When Vaughan declared, and gave the Australians a 35-minute ordeal, Strauss had every reason to congratulate himself on his refusal to go the way of Cullinan. He was the latest England player to face the ultimate test of his career and emerge with battle ribbons of the highest order.

It was certainly not a formality when he walked to the wicket with his partner Marcus Trescothick in early afternoon. Warne's phenomenal performance with the bat, all the more remarkable on top of his prodigious bowling stints at the age of 35, had, with the dogged work of Jason Gillespie, reduced the England lead to a mere 142, a total which, while scarcely insignificant, would have shrunk dramatically with some opening impact by Australia's big three of Warne, McGrath and Lee. Warne must have reckoned that Strauss was a particularly inviting point of attack.

You had to consider the the steep decline in Strauss's Test profile after coming into the Warne zone.

He arrived at Lord's last month with a magnificent body of work in 14 Tests against New Zealand, the West Indies, South Africa and Bangladesh. He had gleaned five centuries, including one in his first Test - at Lord's. In South Africa he had been tough, nerveless, amassing 656 runs in five Tests at an average of 72.89.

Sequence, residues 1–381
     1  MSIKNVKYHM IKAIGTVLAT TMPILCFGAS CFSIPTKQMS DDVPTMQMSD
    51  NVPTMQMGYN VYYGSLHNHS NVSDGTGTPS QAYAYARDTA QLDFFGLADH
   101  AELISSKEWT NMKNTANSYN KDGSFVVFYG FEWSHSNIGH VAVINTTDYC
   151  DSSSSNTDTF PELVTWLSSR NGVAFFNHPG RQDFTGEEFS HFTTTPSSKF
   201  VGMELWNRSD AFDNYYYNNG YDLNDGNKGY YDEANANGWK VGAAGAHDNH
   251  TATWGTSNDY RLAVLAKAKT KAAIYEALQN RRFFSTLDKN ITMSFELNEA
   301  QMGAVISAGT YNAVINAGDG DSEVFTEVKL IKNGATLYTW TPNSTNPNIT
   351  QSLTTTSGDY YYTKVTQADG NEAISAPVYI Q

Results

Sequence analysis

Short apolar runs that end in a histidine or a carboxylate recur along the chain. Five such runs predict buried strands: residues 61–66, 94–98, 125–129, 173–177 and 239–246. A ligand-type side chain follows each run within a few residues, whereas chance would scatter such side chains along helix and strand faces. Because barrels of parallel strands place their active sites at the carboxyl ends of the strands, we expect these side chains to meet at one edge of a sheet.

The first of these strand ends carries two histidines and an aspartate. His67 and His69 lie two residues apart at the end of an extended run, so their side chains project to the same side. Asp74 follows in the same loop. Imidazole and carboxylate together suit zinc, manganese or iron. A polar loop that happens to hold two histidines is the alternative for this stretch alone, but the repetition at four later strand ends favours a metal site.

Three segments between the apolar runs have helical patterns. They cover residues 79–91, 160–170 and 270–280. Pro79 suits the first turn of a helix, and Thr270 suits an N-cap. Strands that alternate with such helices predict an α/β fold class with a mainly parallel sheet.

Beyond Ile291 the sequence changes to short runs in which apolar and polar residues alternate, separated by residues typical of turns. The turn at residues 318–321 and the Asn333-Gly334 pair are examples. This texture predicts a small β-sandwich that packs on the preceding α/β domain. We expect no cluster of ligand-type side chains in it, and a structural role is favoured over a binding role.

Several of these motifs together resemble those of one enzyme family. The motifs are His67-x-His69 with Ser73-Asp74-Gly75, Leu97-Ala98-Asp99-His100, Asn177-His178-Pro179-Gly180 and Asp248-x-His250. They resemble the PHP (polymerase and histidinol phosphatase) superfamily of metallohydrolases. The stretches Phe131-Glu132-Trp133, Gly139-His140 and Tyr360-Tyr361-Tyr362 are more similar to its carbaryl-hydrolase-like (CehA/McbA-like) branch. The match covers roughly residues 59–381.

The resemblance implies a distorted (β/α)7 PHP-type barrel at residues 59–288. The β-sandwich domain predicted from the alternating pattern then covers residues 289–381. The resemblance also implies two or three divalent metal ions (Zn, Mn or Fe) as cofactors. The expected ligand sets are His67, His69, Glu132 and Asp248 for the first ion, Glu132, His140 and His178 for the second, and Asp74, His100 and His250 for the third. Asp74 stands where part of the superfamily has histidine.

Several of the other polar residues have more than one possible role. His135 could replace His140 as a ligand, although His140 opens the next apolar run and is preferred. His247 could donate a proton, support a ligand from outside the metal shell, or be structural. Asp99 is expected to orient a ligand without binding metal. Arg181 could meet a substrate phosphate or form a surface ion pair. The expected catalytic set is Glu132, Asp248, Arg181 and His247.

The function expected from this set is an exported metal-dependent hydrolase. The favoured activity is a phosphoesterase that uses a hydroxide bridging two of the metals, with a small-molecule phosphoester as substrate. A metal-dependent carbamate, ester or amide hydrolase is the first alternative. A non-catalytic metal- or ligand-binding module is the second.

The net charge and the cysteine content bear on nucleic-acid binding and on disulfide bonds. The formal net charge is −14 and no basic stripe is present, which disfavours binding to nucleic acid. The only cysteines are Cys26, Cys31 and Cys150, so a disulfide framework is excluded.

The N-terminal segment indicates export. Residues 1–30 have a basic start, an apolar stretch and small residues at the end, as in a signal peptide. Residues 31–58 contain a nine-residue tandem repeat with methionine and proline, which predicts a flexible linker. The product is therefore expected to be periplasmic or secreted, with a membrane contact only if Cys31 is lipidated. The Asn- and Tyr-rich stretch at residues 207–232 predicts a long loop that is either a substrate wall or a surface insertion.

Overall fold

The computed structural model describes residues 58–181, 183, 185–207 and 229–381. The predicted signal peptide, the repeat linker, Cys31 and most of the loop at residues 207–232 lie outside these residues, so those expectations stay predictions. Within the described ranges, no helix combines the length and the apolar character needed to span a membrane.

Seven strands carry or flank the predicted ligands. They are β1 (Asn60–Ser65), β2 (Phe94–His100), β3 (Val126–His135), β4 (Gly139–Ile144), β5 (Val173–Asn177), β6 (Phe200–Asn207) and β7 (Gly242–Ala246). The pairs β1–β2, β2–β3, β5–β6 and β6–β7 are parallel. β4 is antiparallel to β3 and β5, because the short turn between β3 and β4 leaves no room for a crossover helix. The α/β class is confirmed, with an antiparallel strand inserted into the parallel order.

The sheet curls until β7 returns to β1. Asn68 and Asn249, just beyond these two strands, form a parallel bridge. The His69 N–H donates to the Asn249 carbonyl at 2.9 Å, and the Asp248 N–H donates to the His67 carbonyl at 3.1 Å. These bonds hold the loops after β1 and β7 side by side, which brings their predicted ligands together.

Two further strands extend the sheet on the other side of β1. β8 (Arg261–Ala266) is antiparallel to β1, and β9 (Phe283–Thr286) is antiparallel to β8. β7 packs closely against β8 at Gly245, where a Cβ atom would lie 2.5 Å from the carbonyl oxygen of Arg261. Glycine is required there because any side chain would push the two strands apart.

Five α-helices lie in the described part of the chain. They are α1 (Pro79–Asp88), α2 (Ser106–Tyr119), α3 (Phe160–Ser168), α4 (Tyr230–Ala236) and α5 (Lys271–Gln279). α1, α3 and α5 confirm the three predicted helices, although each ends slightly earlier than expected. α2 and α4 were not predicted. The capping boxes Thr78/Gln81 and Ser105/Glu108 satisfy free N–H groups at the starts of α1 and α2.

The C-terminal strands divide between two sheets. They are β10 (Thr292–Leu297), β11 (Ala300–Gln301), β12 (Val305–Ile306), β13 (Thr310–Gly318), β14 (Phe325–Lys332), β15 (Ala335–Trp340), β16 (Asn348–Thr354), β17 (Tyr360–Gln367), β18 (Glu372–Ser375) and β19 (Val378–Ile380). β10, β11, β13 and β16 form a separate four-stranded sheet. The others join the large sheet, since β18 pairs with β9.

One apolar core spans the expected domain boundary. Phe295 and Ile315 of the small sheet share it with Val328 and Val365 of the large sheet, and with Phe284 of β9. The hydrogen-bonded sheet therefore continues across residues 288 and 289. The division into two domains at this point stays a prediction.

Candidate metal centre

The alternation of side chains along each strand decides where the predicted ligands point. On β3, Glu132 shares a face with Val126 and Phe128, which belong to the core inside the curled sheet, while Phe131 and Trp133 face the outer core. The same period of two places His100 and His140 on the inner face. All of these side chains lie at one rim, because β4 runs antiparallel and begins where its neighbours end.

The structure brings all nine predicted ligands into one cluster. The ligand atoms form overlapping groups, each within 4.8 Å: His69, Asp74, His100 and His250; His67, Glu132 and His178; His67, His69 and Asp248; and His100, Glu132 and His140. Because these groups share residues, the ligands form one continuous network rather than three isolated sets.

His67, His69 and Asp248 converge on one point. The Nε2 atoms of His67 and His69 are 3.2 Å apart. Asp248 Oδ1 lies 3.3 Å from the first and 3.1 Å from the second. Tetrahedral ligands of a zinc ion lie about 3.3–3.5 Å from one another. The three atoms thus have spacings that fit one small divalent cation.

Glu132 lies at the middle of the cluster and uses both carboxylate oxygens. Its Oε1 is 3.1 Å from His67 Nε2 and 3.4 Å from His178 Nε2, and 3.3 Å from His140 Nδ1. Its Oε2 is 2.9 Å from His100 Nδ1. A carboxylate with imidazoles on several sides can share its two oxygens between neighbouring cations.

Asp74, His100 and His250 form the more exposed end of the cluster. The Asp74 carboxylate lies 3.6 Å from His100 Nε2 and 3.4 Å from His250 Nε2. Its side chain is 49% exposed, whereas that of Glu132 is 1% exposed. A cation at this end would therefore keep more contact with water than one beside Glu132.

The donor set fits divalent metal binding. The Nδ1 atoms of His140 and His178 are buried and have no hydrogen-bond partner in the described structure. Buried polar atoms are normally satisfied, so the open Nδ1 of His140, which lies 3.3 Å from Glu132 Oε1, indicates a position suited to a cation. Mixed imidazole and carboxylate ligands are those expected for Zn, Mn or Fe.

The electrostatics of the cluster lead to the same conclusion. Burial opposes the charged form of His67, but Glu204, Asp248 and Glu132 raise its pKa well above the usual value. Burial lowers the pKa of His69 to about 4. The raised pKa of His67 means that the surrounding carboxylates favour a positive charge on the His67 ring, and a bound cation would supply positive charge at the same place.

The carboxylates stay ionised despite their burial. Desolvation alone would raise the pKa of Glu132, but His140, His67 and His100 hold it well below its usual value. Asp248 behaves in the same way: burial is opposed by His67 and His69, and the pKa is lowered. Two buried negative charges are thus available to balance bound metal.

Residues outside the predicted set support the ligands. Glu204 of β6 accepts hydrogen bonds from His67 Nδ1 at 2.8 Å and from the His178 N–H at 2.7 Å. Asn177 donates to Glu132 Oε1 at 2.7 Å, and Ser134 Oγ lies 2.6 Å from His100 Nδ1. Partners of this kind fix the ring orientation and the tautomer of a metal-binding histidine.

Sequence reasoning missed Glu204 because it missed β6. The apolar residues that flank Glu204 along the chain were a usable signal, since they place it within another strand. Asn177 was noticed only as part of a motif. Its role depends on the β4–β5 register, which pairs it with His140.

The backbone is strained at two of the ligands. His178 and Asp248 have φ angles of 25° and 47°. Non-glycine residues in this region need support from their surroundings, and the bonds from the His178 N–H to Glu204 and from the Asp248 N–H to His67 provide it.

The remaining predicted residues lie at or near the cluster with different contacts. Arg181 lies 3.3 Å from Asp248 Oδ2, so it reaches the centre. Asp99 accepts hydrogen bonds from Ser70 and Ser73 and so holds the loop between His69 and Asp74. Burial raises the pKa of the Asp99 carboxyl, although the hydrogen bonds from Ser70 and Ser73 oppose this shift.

That was the formidable calling card he laid before the world champions in St John's Wood. But Warne was impressed least of all. In a burst of bowling that was as technically brilliant as it was bold, Warne stopped England in the belief that had taken an early hold of a series that might just offer a first triumph in 18 years. He had Strauss and Trescothick groping in a thick fog on a summer's day.

Strauss survived the ordeal, at least in terms of missing a place on Warne's scalp belt, but there was no question that he had been shaken by the range of his virtuosity. One consequence was his double failure to cope with the Australian's wiles at Edgbaston and last week the failing hero of last summer and winter arrived here with an average of less than 20. From being merely sub-Bradmanesque, his figures had become, well, simply sub-standard.

It is just a fleeting memory now. There were moments yesterday when it could have been rather more than that, of course. It could have been a dawning sense that after the triumphs against lesser nations, lesser intimidation, Andrew Strauss had proved less a hero of the ages than a cricketer of brief times in the sun. That was the point Warne wished to inflict with crushing force, and there were times when all his wiles were applied. But Strauss resisted the worst of Warne - and of Lee, who also sent one delivery timed at 94.5 mph whistling scarcely an inch beneath his chin.

In the dusk once more Australian shoulders slumped. There were many reasons for this, some of them blows of the day, some of them cumulative. Not the least, in either category, was the final breakthrough of Andrew Strauss.